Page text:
By Samar Rassam-Whitticombe, CEO of Somer Industrial Projects (SIP)
It has been a very eventful few months in the Iraqi Oil and Gas industry. We have had to contend with the volatility of oil prices and the Iranian deal (http://www.bbc.co.uk/news/world-middle-east-33521655)
Added to that is the current political situation in Iraq and Prime Minister Haidar al-Abadi’s move to form a new government.
The main issues facing Iraq continue to be ISIS and the economic crisis caused by low oil prices. Iraq has been seriously affected by the major disruption in the energy markets due to oil prices. This has resulted in lower revenues for the producing countries which affects their budgets.
A rise and much needed stability in oil prices is no doubt the wish of all oil and gas companies.
IP Week and Argus Media Events
This year I have attended the IP week in London which was followed by Argus Media in Abu Dhabi in March, and was lucky enough to meet Dr Falah Alamri, DG of SOMO.
In his speech he mentioned developing refining capacity through investors and also said that he had no prediction for prices as he didn’t have a crystal ball.
The Ministry of Oil are endeavouring to contract with global investment firms in order to develop refining capacity and provide petroleum products throughout the country. There was a statement from a source within the Ministry confirming that they were moving operations to rehabilitate and develop refineries across the country for the above purpose. Dr Falah Alamri repeated this information at the recent CWC event.
It is thought that this will be done through developing the Nasiriyah field, since the production from the Baiji refinery has stopped. Currently the demand for petroleum products has been successfully provided to citizens by importing them from overseas.
CWC 2016 Event
I attended the three day CWC 2016 event in London last week. The first day covered security issues and there were many discussions on geopolitics and liberated regions. Coincidentally, at the same time Iraqi forces were busy retaking Falluja. Iraq’s resources are being continually strained by the ongoing armed conflict which continues within the country.
On the remaining two days, Iraq’s oil and gas industry was addressed and, despite challenging conditions, it managed to hit records of oil production and was actually able to increase output production. Oil output has reached 4.7 mbpd and exports are running at a record 3.9 mbpd. These figures include Kurdistan and Kirkuk, but the main increase is from Southern Iraq.
It has been a difficult time for Iraq as it values the positive business relationships it has nurtured with International Oil Companies (IOCs) and the steep fall in oil prices has massively affected the balance of payments and budget revenue. The Iraqi government plans to pay IOCs in full for the first three quarters of the year by the end of 2016. They are confident that they can achieve this due to the recent increase in crude oil prices – from $27 in January to a current $38-39 per barrel.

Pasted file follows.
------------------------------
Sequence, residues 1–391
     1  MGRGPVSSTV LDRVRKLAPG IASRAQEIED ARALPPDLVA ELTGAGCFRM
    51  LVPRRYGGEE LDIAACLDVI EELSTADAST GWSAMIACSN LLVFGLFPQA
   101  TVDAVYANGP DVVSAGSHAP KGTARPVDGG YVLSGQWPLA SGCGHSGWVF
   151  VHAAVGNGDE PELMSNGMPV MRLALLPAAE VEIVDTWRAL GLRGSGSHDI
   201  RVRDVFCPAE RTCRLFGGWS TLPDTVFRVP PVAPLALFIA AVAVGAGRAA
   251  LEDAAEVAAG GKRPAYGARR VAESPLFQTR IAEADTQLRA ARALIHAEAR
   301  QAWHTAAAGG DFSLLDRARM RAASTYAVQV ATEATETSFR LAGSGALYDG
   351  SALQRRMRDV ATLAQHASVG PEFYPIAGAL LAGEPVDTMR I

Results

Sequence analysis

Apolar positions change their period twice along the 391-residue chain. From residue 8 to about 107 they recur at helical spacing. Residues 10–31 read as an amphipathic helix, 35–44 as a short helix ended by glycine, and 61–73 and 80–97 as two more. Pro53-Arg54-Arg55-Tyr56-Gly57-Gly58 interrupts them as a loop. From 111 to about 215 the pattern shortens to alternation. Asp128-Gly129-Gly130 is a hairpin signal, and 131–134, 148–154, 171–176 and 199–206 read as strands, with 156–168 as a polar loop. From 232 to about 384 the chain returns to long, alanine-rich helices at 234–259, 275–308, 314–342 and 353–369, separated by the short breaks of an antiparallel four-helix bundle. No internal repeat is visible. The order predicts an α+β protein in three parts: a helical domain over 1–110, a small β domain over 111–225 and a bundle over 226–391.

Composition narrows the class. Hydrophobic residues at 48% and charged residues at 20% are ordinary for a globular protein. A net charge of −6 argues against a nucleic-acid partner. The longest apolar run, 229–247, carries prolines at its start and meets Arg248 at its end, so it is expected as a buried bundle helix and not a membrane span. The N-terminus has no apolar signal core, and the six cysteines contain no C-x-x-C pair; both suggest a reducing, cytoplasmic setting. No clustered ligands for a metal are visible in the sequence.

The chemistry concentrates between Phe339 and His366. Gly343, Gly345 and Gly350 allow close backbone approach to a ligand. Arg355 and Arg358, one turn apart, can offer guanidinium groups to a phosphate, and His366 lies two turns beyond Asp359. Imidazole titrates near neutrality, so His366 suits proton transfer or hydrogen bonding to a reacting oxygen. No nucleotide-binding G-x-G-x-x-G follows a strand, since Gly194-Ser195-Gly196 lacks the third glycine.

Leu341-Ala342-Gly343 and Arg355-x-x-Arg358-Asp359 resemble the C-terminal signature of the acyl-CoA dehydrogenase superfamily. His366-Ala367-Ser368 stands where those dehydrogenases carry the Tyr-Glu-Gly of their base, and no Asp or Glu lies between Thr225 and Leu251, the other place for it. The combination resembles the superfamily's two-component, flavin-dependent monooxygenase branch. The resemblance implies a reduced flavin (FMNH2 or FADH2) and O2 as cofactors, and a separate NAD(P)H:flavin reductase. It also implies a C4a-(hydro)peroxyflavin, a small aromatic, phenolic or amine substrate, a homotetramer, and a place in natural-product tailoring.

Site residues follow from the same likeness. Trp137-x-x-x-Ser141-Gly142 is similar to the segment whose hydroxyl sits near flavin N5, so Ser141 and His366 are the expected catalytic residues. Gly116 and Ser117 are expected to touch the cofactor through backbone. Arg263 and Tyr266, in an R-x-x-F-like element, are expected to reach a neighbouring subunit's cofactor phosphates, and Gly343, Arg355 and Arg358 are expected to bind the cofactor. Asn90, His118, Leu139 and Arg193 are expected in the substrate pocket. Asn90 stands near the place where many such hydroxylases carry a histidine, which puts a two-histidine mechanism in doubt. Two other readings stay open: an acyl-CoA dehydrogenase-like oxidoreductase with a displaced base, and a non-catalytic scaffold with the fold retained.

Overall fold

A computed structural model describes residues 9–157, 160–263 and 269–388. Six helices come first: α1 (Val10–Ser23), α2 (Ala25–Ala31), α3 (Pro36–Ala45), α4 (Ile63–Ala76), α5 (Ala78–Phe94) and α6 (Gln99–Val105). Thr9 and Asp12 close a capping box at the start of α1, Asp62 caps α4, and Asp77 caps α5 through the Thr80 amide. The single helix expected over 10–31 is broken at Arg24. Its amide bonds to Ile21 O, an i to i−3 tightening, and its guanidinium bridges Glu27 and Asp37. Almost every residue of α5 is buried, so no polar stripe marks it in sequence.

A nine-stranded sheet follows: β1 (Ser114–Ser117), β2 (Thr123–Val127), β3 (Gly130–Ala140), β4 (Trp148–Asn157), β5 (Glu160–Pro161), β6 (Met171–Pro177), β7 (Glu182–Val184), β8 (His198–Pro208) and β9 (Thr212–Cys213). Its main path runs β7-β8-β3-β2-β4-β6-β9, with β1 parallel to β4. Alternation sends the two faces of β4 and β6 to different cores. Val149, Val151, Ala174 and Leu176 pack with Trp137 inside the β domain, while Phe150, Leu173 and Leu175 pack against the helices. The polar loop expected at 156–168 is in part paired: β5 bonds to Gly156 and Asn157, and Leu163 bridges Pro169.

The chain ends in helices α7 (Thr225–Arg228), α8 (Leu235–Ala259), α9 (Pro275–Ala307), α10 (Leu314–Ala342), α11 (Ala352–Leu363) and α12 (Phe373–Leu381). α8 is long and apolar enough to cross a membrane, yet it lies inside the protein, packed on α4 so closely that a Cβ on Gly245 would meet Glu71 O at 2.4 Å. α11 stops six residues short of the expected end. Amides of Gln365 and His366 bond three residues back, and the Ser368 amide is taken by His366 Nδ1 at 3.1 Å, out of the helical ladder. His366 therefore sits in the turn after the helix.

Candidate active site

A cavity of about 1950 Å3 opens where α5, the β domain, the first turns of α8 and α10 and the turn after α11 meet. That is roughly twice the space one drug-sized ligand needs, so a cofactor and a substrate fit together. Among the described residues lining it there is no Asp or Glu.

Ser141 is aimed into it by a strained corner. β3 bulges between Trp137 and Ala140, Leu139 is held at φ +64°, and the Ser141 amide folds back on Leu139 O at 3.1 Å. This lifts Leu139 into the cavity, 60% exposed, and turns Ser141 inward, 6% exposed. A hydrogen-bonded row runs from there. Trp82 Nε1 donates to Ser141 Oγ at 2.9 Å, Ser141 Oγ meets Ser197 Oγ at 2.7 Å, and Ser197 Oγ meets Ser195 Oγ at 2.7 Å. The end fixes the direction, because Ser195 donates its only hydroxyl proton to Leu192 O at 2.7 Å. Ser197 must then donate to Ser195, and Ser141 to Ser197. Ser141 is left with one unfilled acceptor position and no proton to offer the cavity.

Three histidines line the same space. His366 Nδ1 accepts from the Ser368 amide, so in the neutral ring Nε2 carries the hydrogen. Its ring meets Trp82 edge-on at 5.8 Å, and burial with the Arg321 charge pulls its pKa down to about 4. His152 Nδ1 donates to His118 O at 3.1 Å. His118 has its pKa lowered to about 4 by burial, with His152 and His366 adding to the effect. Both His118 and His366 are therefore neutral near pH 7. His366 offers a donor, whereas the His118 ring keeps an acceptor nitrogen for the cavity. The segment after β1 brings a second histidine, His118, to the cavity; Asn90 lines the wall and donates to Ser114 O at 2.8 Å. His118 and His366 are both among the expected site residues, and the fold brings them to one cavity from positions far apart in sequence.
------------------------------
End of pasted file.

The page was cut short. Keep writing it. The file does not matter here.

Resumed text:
The key to overcoming Iraq’s huge economic challenges is to adopt diversifying measures. For instance, Basra Heavy crude oil is one of the drivers of increased Iraqi oil production.
In his speech at this event, Dr Alamri stated that ‘the segregation of Basrah crude streams into Basrah Light and Heavy last year was considered a success, in terms of improving overall quality and increasing export and revenues, and he said international oil companies had expressed satisfaction with the grades’ stability’. He also stated that there was a keen interest in Basrah Heavy from US buyers, where it had displaced some Venezuelan and Mexican grades.
He announced that despite the difficulties that Iraq has been through it has emerged stronger, more developed, and even more determined to increase the country share of the oil market in order to fulfil the main task, which is to maximize Iraq’s oil revenues.
Therefore, key bottlenecks are being handled and all export facilities are going to improve and expand, which will make Iraq emerge as an important player on the scene of oil markets for decades to come.
Dr Alamri also added that SOMO were working very hard to overcome the obstacles and build new refineries. When Baiji refinery was lost it affected the country but a new refinery is now being built in Karbala.
The Iraqi Minister of Industry and Minerals, HE Mr Mohamed Sahib Khalaf Al-Daraji agreed that Iraq needs refineries. He stated: ‘We have the cow, but we buy milk from our neighbours.’ He also urged leaders in Baghdad and Erbil to sort out their differences and work together as 17% of the national budget is dedicated to the KRG region.
Other issues that were addressed at this event were Iraq petrochemicals and new projects such as Power Gen, infrastructure, refinery capacity, key objectives for the next five years and opportunities for foreign investment, for example, the Iraq Mega Faw Port.
The IMF has agreed to give Iraq a three-year $5.4bn loan agreement. Finance is required and sustains economic growth.
It was felt to be reasonable to expect that changes will continue to be seen in Iraq. The focus will be on increasing levels of efficiency and innovation in improving oil extraction, development and production. Employers are more likely to seek individuals who have the mind-set that enables these new levels of innovation. There will, undoubtedly, be exciting opportunities for those who are able to embrace changes.
In my opinion a united Iraq is for the benefit of the whole country.